As deliberations in the CA wore on in 2014 and 2015, however, an oppositional Hindu nationalist movement took to the streets in sustained and increasingly widespread protest across the country. Ultimately, their agitation led to a compromise that significantly altered the character of the secular state. That is, a clause was added to explain that “secular” in the context of the constitution means the “protection of religion and culture being practiced since ancient times and religious and cultural freedom.” The term used for “ancient times” (sanatana), however, is drawn from the self-referential vocabulary of Hindu nationalists, and the constitution is thus widely interpreted as granting special status to Hinduism.
Over the next year and a half, there were signs that Hindu nationalism remained on the rise. Thus, when Nepal began the first phase of elections for local administrative positions in May, their expectations were high. With one phase of voting remaining, however, Hindu nationalists have largely been routed. The Rastriya Prajatantra Party (RPP), the only party of national prominence that overtly promotes Hindu nationalism, has won the mayorship of only one city. Its success even there may be due as much to the popularity of its candidate as its platform.
How to interpret this outcome remains an open question. Opponents of Hindu nationalism characterize the vote as a rejection of the religious extremism that reared its head in the last few years, while others argue that voters simply had the more pragmatic concerns of economic development in mind when casting their ballots. From this perspective, even supporters of Hindu nationalism may have been wary of voting for a party like RPP, which focused on national-level identity politics at the expense of the brass tacks of local development. Others, however, point out that the Communist Party of Nepal-United Marxist Leninist (UML), which is currently poised to emerge as the overall victor in the elections, simply offered an alternative vision of an aggressive nationalism—one that valorizes the cultural identity of ethnic groups hailing from Nepal’s mid-hills, Hindu and non-Hindu alike, at the expense of those from Nepal’s southern plains, and one that is adamantly anti-Indian. While the UML may not overtly articulate a vision of a Hindu polity, moreover, its version of Nepali nationalism can accommodate at least a degree of the anti-Christian sentiment that fuels Nepal’s Hindu nationalism. It was a government led by the UML, for example, that removed Christmas from the list of public holidays and that Christian groups accused of more widespread discrimination.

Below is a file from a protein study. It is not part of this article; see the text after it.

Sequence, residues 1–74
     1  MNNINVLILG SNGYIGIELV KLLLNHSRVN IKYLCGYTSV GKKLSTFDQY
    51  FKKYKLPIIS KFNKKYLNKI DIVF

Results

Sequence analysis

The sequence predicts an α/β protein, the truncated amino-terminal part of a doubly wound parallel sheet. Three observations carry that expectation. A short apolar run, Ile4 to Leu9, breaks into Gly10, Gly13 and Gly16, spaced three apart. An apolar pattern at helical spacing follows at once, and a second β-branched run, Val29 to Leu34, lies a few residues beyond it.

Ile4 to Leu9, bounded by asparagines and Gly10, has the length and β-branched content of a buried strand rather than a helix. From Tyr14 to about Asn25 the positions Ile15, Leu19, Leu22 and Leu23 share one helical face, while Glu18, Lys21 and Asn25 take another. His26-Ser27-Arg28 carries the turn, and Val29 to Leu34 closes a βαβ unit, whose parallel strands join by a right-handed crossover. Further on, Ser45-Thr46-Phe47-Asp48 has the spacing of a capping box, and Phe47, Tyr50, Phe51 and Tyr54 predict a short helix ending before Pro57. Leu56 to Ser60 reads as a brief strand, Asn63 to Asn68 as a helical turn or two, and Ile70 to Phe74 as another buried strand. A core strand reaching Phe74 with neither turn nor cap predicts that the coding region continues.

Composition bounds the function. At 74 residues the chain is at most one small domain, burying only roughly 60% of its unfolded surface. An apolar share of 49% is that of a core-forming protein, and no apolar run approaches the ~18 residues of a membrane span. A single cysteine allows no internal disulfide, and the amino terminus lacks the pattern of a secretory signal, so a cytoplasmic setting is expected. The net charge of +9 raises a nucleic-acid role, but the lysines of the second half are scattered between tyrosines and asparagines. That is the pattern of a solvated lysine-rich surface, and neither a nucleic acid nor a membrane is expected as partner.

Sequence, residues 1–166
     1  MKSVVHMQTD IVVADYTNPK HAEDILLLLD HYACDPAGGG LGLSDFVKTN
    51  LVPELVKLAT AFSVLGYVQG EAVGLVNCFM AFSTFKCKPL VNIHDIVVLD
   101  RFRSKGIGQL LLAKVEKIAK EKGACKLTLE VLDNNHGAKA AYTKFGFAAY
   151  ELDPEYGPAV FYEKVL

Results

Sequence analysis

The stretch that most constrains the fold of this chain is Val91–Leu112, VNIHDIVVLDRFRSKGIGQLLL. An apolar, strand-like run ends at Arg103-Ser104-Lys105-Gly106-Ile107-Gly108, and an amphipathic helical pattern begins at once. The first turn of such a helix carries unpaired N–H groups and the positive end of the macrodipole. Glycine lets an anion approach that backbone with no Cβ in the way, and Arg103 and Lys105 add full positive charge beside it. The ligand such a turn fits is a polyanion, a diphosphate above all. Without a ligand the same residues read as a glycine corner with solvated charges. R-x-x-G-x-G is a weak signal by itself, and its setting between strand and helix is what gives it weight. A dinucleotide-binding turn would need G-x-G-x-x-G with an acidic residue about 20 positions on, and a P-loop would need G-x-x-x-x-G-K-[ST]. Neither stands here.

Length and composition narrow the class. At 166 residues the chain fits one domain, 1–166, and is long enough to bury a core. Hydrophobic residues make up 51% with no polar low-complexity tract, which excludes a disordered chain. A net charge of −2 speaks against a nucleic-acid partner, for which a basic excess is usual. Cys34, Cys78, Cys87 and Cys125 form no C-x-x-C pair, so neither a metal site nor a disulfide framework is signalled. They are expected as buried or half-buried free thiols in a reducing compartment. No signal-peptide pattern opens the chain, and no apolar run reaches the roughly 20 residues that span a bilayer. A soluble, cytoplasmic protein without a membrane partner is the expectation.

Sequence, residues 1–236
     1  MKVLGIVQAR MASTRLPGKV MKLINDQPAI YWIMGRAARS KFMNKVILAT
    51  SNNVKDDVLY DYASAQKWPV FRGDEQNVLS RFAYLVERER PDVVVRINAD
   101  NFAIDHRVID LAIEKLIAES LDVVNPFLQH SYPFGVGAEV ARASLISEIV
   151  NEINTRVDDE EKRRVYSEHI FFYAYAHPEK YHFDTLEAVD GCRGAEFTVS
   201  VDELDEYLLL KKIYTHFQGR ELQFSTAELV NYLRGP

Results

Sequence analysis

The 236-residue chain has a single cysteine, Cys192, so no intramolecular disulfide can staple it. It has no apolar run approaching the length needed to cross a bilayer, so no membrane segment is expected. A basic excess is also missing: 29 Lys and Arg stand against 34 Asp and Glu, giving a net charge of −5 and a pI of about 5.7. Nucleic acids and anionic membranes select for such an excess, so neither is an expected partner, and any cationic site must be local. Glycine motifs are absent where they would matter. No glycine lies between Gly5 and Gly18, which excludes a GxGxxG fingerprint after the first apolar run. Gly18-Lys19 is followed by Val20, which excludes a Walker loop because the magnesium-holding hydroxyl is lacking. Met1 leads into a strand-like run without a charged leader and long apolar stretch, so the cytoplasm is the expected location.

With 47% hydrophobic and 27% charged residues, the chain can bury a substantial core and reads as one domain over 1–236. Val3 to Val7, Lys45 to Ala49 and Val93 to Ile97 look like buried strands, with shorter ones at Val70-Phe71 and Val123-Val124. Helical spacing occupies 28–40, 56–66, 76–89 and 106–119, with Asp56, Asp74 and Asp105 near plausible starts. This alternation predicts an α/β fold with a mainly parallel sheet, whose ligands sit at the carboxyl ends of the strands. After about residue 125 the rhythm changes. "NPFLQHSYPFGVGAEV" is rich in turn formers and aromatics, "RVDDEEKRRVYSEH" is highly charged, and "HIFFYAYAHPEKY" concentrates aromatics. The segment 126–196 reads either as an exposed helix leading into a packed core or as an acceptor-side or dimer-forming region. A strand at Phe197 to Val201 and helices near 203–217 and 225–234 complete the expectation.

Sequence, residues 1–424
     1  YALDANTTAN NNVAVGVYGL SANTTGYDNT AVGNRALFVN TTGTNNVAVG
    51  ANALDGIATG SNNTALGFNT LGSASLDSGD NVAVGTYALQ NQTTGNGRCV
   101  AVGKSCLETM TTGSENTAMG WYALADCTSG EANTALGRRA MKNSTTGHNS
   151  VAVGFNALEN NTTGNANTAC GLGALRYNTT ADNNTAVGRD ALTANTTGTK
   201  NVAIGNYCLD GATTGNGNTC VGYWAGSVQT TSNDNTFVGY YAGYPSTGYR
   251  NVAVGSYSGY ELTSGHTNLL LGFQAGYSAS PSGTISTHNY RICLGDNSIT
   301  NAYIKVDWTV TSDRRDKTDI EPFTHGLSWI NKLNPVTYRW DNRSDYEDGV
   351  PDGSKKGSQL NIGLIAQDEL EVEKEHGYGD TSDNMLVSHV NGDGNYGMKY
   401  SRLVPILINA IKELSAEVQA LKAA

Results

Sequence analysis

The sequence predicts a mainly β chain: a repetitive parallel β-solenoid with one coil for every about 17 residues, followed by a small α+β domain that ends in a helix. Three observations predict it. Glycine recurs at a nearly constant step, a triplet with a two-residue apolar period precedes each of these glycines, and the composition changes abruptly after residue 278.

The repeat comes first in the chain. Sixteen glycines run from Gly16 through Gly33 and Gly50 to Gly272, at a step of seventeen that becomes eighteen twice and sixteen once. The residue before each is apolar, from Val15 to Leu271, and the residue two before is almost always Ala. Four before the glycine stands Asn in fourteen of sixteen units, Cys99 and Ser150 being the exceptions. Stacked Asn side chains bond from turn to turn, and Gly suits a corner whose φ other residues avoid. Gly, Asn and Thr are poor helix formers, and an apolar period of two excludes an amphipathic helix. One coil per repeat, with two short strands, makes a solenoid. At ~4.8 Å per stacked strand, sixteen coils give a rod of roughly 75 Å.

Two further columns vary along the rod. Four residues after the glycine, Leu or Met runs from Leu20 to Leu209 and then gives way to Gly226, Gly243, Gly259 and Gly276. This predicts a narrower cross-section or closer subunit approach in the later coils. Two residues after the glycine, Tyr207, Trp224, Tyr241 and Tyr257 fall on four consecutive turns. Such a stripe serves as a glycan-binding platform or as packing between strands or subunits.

As the newly elected local bodies take control of local affairs, the practicalities of the politics of secularism and religious freedom will likely shift from the high symbolic politics of nationalism to more mundane, day-to-day affairs, and what direction things will go in remains to be seen. For now, though, Nepal’s Hindu nationalists have vowed to regroup in advance of national parliamentary elections—which are constitutionally mandated to be held by January 2018—and they make every indication that they expect their vision of a Hindu polity to resonate when the stakes are raised to the national level.
Other Editorial Responses
July 21, 2017
Response: Sehitlik's Retreat from Cosmopolitanism
July 19, 2017
July 18, 2017
July 17, 2017